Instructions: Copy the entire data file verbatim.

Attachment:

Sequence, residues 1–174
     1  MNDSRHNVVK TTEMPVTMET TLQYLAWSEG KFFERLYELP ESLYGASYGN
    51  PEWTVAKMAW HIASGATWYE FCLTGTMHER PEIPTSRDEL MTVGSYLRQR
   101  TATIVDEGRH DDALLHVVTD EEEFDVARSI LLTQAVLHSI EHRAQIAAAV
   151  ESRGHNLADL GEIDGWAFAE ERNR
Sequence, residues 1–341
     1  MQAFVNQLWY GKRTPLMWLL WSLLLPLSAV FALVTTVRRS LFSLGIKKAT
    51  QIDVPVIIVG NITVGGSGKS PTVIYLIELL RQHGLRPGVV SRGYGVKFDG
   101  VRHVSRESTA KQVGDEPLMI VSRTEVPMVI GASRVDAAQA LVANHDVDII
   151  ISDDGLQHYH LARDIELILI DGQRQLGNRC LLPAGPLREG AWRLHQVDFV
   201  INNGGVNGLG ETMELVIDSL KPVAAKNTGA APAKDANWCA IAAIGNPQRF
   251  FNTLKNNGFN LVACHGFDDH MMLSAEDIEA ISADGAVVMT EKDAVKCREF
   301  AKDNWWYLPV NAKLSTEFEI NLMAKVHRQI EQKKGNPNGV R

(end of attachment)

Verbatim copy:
Sequence, residues 1–174
     1  MNDSRHNVVK TTEMPVTMET TLQYLAWSEG KFFERLYELP ESLYGASYGN
    51  PEWTVAKMAW HIASGATWYE FCLTGTMHER PEIPTSRDEL MTVGSYLRQR
   101  TATIVDEGRH DDALLHVVTD EEEFDVARSI LLTQAVLHSI EHRAQIAAAV
   151  ESRGHNLADL GEIDGWAFAE ERNR
Sequence, residues 1–341
     1  MQAFVNQLWY GKRTPLMWLL WSLLLPLSAV FALVTTVRRS LFSLGIKKAT
    51  QIDVPVIIVG NITVGGSGKS PTVIYLIELL RQHGLRPGVV SRGYGVKFDG
   101  VRHVSRESTA KQVGDEPLMI VSRTEVPMVI GASRVDAAQA LVANHDVDII
   151  ISDDGLQHYH LARDIELILI DGQRQLGNRC LLPAGPLREG AWRLHQVDFV
   201  INNGGVNGLG ETMELVIDSL KPVAAKNTGA APAKDANWCA IAAIGNPQRF
   251  FNTLKNNGFN LVACHGFDDH MMLSAEDIEA ISADGAVVMT EKDAVKCREF
   301  AKDNWWYLPV NAKLSTEFEI NLMAKVHRQI EQKKGNPNGV R